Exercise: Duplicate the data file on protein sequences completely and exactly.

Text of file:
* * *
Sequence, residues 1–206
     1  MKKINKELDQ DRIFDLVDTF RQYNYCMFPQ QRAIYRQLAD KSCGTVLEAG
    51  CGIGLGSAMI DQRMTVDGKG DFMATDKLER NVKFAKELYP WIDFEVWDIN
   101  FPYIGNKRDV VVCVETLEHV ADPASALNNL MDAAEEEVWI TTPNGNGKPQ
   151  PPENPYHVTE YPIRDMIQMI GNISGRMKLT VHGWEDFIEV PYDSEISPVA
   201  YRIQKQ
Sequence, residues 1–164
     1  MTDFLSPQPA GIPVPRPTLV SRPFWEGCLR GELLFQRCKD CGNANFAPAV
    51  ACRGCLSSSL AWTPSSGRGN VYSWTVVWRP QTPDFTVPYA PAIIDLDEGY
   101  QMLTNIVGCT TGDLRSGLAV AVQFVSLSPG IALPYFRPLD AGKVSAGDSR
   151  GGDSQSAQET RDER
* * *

Sequence, residues 1–206
     1  MKKINKELDQ DRIFDLVDTF RQYNYCMFPQ QRAIYRQLAD KSCGTVLEAG
    51  CGIGLGSAMI DQRMTVDGKG DFMATDKLER NVKFAKELYP WIDFEVWDIN
   101  FPYIGNKRDV VVCVETLEHV ADPASALNNL MDAAEEEVWI TTPNGNGKPQ
   151  PPENPYHVTE YPIRDMIQMI GNISGRMKLT VHGWEDFIEV PYDSEISPVA
   201  YRIQKQ
Sequence, residues 1–164
     1  MTDFLSPQPA GIPVPRPTLV SRPFWEGCLR GELLFQRCKD CGNANFAPAV
    51  ACRGCLSSSL AWTPSSGRGN VYSWTVVWRP QTPDFTVPYA PAIIDLDEGY
   101  QMLTNIVGCT TGDLRSGLAV AVQFVSLSPG IALPYFRPLD AGKVSAGDSR
   151  GGDSQSAQET RDER